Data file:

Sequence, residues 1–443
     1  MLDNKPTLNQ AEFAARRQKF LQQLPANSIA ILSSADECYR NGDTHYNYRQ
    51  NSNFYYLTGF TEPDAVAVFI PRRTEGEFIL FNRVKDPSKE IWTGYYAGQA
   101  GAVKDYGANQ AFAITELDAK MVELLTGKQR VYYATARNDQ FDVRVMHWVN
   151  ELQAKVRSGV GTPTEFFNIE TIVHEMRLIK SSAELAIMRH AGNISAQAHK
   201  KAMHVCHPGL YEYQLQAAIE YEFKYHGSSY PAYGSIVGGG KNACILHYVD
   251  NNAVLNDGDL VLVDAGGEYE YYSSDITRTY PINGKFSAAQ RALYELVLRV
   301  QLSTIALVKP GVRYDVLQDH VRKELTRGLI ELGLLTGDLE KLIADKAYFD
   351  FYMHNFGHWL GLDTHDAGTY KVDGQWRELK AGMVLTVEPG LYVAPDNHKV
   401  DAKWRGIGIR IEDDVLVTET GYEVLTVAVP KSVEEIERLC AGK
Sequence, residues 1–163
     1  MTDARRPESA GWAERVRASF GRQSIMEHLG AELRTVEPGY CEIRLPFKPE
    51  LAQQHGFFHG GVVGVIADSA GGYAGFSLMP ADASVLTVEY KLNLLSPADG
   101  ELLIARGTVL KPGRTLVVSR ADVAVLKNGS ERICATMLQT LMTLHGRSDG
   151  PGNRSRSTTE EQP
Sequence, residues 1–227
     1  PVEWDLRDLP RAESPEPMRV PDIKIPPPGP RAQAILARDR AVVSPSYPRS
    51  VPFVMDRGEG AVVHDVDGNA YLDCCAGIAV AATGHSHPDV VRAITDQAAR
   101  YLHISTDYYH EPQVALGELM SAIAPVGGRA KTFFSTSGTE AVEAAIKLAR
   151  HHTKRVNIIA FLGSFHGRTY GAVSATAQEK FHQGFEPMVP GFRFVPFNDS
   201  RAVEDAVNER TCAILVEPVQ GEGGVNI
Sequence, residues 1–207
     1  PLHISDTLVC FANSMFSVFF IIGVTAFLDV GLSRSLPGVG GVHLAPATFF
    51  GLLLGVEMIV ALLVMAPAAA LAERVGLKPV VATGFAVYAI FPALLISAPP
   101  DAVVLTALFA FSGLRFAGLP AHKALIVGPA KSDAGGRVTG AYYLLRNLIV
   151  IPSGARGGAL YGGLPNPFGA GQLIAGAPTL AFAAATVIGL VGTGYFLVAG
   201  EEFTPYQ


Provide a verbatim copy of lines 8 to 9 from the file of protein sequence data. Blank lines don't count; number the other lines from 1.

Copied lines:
   301  QLSTIALVKP GVRYDVLQDH VRKELTRGLI ELGLLTGDLE KLIADKAYFD
   351  FYMHNFGHWL GLDTHDAGTY KVDGQWRELK AGMVLTVEPG LYVAPDNHKV